England’s players were subjected to racist abuse in Montenegro on Monday, as monkey chants and other racist comments were directed at several black players in the Three Lions squad.
[ MORE: UEFA charge Montenegro ]
Speaking after the game, Raheem Sterling and Callum Hudson-Odoi both hit out at the racist abuse of Danny Rose as Hudson-Odoi (making his full England debut at the age of 18) was also subjected to monkey chants from sections of the home fans.
“It’s unacceptable. I don’t think there should be discrimination no matter where you go, no matter what. It’s not right in football, at all,” Hudson-Odoi said after the 5-1 win for England. “We should be all playing fair, have a good game and enjoy ourselves but to hear that it’s not right and hopefully UEFA deal with it properly.”
England manager Gareth Southgate spoke passionately and eloquently on the topic, as his main aim is to protect his players and help them any way he can.
“I’m reflecting on ‘should I have done more?’ In the end, I think I tried to protect my players as much as I possibly can. I’m not the authority on the subject. I’m a middle-aged white guy speaking about racism,” Southgate said. “It’s not something I really have… I’m just finding it a really difficult subject to broach. I want my players to enjoy playing football and not be scarred by the experiences.”
What can be done to eradicate the racist abuse England’s players, and sadly, many others, have suffered on the pitch?
Small fines and one-game stadium bans are clearly not working, as UEFA have dished them out on multiple occasions in Russia, Slovakia, Romania and Serbia in recent years. Sterling is calling for longer stadium bans to punish all fans.
“It’s now time for the people that are in charge to put a real stamp on it because you can fine someone but what’s that going to do?” Sterling said. “You’ve got to make it harder – you’ve got to punish all the fans so they can’t come to the games, you’ve got to do something that’s really going to make them think twice. Because if their team can’t play with fans it’s going to be difficult for them and make them think twice about it.”
Southgate added that education of young people in societies across the globe — he was keen to point out that English soccer must get their own house in order too — is the only way to truly halt the shocking racist abuse.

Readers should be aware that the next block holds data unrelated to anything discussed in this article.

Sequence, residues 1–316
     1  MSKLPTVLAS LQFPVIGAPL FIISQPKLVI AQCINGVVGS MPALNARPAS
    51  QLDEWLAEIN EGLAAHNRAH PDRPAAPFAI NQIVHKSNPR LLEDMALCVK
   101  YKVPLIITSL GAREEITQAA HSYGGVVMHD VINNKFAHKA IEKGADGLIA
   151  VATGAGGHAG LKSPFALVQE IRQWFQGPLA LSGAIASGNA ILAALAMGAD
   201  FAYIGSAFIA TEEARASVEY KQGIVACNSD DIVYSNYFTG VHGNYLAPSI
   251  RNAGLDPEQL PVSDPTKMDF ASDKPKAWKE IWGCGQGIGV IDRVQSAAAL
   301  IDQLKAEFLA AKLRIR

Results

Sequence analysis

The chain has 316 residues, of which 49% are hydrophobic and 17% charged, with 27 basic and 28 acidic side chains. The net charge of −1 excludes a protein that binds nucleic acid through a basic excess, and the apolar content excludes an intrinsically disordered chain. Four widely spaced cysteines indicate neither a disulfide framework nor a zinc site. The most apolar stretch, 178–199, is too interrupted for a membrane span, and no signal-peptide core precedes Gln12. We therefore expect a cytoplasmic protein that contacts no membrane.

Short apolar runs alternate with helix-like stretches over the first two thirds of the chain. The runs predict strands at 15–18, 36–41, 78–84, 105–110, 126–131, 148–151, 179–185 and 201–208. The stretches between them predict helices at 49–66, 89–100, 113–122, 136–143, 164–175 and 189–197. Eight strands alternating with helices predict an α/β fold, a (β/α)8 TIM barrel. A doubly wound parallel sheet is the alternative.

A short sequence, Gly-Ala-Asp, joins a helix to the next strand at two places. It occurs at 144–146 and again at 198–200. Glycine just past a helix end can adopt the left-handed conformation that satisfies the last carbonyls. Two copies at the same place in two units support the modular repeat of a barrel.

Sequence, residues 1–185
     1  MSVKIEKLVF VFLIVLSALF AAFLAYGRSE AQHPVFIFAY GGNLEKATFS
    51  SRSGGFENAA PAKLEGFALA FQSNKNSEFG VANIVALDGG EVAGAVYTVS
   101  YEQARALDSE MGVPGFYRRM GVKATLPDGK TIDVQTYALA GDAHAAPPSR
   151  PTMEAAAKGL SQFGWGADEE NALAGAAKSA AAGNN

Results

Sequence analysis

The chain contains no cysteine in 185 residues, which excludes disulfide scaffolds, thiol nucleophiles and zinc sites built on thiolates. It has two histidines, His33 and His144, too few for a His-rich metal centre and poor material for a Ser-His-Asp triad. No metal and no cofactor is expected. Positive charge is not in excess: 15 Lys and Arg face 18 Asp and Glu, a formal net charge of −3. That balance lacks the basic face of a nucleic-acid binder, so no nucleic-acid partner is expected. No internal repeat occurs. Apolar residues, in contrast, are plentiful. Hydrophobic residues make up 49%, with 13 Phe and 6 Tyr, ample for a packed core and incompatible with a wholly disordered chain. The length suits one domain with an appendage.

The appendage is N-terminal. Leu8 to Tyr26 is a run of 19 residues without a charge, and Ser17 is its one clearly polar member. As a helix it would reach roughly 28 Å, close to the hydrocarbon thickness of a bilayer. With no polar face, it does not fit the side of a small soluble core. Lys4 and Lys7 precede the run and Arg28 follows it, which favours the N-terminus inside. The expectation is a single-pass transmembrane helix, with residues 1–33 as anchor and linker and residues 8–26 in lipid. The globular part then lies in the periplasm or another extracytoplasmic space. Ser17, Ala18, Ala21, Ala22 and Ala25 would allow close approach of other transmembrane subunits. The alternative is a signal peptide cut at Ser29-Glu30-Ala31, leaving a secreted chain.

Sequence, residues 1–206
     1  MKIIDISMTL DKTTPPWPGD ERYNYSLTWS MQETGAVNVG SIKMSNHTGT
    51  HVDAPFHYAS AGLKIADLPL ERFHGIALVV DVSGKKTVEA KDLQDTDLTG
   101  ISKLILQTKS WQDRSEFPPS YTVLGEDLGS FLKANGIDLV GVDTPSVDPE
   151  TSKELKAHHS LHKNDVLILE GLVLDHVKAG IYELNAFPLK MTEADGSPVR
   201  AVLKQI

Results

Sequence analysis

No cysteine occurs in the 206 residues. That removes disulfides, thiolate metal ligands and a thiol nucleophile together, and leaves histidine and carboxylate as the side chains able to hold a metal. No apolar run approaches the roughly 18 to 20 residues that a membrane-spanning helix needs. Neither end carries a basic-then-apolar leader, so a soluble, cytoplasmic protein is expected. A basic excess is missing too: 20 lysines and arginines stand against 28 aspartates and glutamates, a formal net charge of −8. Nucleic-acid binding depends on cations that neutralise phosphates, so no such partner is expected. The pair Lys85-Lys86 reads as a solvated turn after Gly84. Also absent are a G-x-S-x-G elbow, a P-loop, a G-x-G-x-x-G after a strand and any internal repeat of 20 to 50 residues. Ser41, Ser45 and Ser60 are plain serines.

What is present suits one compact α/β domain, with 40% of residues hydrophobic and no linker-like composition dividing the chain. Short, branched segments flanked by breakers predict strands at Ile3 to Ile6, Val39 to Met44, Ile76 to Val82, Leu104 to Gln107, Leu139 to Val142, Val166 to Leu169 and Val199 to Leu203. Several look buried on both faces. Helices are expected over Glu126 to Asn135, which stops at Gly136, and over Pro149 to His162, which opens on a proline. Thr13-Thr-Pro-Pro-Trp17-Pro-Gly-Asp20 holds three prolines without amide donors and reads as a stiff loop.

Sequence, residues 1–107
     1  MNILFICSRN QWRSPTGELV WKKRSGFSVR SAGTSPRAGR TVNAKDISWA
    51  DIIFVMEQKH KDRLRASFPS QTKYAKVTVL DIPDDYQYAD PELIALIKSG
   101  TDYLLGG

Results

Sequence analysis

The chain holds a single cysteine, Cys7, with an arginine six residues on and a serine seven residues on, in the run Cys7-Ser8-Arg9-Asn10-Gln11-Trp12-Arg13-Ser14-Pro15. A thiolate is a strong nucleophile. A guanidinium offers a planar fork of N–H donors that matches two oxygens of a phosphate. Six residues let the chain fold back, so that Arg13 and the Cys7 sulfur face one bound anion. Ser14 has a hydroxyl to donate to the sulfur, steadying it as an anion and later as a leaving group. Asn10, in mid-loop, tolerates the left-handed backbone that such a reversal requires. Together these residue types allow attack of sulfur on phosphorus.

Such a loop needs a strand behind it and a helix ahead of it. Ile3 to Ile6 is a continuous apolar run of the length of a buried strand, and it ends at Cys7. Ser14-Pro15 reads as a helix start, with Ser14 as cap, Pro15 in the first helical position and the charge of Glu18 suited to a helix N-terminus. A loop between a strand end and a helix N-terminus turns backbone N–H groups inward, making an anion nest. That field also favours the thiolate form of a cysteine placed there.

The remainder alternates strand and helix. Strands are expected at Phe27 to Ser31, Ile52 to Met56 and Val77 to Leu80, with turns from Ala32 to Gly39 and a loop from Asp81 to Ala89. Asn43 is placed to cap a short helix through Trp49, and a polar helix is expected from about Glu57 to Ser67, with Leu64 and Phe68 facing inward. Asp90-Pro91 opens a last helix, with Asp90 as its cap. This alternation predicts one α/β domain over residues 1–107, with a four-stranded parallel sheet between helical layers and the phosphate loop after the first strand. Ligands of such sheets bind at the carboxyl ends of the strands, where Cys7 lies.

“Sanctions are only of any use if they lead to education. Sanctions are worthless if there is nothing alongside that to help educate people,” Southgate added. “My kids don’t think, for one minute, about where people are born, what language they speak, what color they are. There’s an innocence about young people that is only influenced by older people. So we have to make sure the education is right for everybody, in our country the same.”
Back on the pitch, many believe that players subjected to racist abuse should simply walk off the playing field and the game should be forfeited. Stadium bans of 12 months would do plenty more damage than the current one-game bans dished out halfheartedly. Southgate is 100 percent correct.
This is not just about sanctions, it is about society and educating people. UEFA and FIFA are custodians of the game and must use their vast resources, along with national associations and clubs, to put programs in place to educate youngsters. This will not be a problem that is solved overnight in soccer or society. The future generations must know that this kind of behavior is abhorrent and the likes of Sterling is leading the calls for authorities to come down hard on anybody found guilty.
Small fines and minimal stadium bans haven’t worked. There has been some progress, but not enough. Heavier sanctions are needed. Now.
UEFA in particular have stood still for too long. We are in 2019. England’s players should not be the ones taking this sickening abuse head on.